The “meat” choices were sheered thin or rolled into curls. Sliced rib eye, short rib, pork belly, regular pork, and lamb shoulder. They also had meat by the bone or in cubes. Chicken wings and luncheon meat. And for the more adventurous they offered beef tripe, stomach, and tendon. They had pork jowl, stomach, liver, bung, and even cooked pork blood cubes. We avoided all of this, as I was not daring enough to try any of it. Such ingredients are so strong that they often change the flavour of the soup and therefore everything cooked in it. My guest was of the same mind set.

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The vegetables were more appealing. With six variations of tofu and bean curds. Five different types of leafy greens washed and served on a plate. And taro, lotus root, turnip, and pumpkin, just to name a few.

My hot pot favourite has always been the balls. Minced and mashed meats formed into round balls. They had eleven options including all the basic proteins and more exotic ones like cuttlefish and dace fish. Imitation crab meat fell under this category as well.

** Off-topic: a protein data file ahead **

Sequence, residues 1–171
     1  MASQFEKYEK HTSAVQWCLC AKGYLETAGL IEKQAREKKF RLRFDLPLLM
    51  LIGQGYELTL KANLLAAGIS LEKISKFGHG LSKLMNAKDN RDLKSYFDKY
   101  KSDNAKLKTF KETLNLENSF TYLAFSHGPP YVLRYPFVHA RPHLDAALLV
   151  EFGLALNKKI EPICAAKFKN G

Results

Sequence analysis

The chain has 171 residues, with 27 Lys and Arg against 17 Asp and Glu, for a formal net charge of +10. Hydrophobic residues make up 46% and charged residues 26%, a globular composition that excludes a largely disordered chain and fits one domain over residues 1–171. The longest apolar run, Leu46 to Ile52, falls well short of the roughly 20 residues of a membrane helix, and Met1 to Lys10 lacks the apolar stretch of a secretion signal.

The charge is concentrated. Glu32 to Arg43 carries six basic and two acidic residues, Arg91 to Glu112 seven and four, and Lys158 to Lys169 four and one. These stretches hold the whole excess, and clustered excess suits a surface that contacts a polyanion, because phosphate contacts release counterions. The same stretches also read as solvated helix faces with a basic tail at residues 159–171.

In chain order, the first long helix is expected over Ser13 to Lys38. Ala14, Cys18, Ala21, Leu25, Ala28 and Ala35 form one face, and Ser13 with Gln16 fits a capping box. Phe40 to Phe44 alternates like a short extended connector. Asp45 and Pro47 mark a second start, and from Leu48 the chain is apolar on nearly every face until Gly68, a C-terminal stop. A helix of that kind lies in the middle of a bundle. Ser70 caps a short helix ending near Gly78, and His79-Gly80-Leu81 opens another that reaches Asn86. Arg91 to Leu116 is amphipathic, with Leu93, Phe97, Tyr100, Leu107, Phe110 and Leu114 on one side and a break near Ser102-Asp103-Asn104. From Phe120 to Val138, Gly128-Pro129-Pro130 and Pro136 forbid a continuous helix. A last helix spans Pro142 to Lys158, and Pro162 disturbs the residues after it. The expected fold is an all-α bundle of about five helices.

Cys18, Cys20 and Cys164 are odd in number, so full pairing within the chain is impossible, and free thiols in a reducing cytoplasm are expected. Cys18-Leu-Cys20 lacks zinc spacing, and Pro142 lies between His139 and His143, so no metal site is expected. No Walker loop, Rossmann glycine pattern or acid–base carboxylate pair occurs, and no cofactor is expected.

They also had a bevy of noodles to boil and eat it all with. Udon, vermicelli, bean thread noodle, glass noodle, instant noodle, and the noodle in wonton soup. I like the chew of such carbs and especially the slices of rice cake and the tubes of gluten. However, I advise not filling up on it, as it is the cheap stuff. And in order to get more bang for your buck, you want to gorge on everything else, specially the proteins.

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If you run out of sauce you could always order more. I find the meal is nothing without a strong salty mix to dip meat into and/or to drench noodles with. We started off with soy and satay sauce, and had plenty of it to go finish our meal with. But if we ran out or wanted a different flavour profile, all the varieties were priced at a $1 more. Hot chilli pepper, chopped garlic, shredded ginger, cilantro, sesame oil, or persevered egg.

And if you are too lazy to cook, they actually offered pre-cooked appetizers and entrees. Seaweed and pork ear salads, rice with chicken, and deep fried rice cake.